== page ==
Best of British is the UK’s premier nostalgia magazine. Published since 1993, Best of British magazine is packed with stories and pictures guaranteed to bring the memories flooding back. Offering page after page of timeless reading, Best of British covers every aspect of life from the 1930s all the way through to today, recording the way it once was and demonstrating what makes Britain so special.
At the heart of the magazine is our Yesterday Remembered section, where we explore reader’s own recollections and memories of British life gone by. Add to this dedicated stories on everything from vintage transport to great Britons, from Christmas traditions to great days out, and you have the perfect mix. Other regulars include reader favourites such as Treasures in the Attic, 1940s Post, Postcard from… and of course our Puzzle Page and Crossword.
We hope you enjoy reading our magazine as much as we love compiling it. In the meantime here is this month’s letter from our Editor, Simon Stabler…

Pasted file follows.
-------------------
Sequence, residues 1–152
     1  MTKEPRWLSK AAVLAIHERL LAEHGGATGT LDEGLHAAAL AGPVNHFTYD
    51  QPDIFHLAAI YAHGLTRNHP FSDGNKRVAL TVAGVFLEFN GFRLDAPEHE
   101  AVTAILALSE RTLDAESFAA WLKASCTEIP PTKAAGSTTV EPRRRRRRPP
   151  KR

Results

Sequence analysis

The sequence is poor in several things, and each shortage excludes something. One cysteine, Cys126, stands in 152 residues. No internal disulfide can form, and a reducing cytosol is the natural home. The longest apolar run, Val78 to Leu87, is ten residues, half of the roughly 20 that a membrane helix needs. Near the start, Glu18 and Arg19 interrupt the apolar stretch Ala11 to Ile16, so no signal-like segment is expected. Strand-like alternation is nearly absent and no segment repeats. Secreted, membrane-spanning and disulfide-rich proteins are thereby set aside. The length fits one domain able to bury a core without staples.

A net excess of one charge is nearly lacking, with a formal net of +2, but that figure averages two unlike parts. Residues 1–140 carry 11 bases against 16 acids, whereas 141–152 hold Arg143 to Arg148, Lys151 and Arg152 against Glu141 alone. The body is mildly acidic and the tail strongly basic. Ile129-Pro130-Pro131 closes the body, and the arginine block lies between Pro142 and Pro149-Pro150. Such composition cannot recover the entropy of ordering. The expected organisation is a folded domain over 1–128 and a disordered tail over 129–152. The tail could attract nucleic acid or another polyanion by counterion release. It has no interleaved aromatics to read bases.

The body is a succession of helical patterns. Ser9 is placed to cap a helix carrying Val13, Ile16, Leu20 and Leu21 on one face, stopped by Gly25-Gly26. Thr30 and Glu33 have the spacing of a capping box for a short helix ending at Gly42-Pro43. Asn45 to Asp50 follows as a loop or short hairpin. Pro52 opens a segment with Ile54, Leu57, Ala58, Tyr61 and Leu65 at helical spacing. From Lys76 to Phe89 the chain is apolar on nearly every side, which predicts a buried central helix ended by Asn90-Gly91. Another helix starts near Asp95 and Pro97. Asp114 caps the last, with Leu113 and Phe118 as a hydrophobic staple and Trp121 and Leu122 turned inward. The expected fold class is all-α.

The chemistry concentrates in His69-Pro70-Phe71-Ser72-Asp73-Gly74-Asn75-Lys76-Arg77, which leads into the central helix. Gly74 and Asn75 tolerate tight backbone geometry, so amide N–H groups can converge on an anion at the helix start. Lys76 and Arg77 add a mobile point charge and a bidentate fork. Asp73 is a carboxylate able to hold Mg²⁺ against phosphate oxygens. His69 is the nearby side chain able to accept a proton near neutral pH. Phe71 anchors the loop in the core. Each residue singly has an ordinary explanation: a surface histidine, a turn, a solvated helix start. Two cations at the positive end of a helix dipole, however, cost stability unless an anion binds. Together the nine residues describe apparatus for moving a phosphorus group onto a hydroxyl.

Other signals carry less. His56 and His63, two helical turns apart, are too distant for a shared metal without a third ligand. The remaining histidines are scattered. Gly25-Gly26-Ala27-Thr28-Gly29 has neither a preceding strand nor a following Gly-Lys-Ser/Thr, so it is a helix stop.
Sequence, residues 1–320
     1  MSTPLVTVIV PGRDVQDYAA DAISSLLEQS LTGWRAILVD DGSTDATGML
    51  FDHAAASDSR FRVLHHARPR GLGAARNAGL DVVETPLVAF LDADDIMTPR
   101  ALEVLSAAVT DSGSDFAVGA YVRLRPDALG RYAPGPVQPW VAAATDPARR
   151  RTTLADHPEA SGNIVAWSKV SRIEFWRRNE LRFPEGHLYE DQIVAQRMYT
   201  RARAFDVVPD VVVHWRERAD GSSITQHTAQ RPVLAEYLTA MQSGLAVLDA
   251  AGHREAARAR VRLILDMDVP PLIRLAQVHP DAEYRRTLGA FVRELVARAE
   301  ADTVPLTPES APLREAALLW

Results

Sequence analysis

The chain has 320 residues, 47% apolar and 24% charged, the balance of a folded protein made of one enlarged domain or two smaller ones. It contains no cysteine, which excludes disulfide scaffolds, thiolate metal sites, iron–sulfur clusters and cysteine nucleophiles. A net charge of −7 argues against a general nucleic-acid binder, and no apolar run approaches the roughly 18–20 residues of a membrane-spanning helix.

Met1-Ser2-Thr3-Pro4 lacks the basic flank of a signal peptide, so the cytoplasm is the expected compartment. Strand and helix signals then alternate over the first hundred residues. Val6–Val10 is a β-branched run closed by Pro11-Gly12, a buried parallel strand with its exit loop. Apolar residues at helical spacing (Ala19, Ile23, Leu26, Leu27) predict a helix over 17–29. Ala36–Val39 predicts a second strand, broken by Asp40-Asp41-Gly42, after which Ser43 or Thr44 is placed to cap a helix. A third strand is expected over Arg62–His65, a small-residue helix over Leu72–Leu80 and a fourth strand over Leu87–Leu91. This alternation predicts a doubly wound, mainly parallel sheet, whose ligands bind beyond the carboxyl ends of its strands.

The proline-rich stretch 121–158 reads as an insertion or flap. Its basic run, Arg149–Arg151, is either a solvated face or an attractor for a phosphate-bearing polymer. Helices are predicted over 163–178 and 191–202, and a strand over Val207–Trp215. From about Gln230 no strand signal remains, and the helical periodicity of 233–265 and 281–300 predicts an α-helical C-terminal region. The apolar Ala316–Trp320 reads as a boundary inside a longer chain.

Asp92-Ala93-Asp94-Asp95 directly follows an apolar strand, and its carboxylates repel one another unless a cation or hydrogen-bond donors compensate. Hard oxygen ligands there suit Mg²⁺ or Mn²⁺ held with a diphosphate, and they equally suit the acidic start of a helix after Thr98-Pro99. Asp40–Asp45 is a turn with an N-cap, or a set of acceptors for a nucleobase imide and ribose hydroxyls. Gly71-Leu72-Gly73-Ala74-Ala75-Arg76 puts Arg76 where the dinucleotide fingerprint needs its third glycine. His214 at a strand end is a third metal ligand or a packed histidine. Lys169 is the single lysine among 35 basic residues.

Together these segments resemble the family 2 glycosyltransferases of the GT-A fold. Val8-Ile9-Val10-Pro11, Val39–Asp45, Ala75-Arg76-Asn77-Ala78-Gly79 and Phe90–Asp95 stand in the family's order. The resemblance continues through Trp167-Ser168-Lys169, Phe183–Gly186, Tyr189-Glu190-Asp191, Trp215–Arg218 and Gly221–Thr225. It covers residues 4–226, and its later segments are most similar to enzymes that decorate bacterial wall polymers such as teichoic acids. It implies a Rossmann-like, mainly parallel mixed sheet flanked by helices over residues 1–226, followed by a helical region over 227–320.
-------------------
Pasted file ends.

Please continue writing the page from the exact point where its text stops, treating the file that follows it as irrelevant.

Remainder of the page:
Sun, Sea & Scribbling
Although I now make a living from writing, I wasn’t always the keenest of essayists.
If there was one phrase at school that filled me with dread more than “It’s cross-country today, I hope you’ve bought your running shoes?” (for the record, you only attempt the course in rugby boots the once), then it would have to be “Open your books and write 400 words on what you did during the holidays.”
You see, despite having had more than a month to scamper around in the fields, build dens and cycle for miles, or simply gape at holiday TV if it was wet, my mind would be blank.
It’s nice to know that many of you have no such problem. Across the pages of this issue we have tales of your trips to the seaside or to a holiday camp, the adventures you revelled in closer to home (what child hasn’t dreamed of finding an unexploded bomb in the woods?) and plenty of photographs.
Also, thanks to Sue Brewer’s meticulous record keeping, we get to see a wonderful collection of leaflets, ticket stubs and cuttings, reminding us of a time when holidays seemed relatively affordable.
Keeping up with our “and present” remit, we visit the Hardy Way – a long distance path linked with the works of Thomas Hardy – and North Yorkshire, which is worth visiting for the National Railway Museum at York alone.
Maybe the articles will inspire your own UK holiday choices this year, or with news that Menorca now sells “proper beer” you may want to venture further afield.
But whatever you decide to do, have a happy holiday – and please do send me a postcard.
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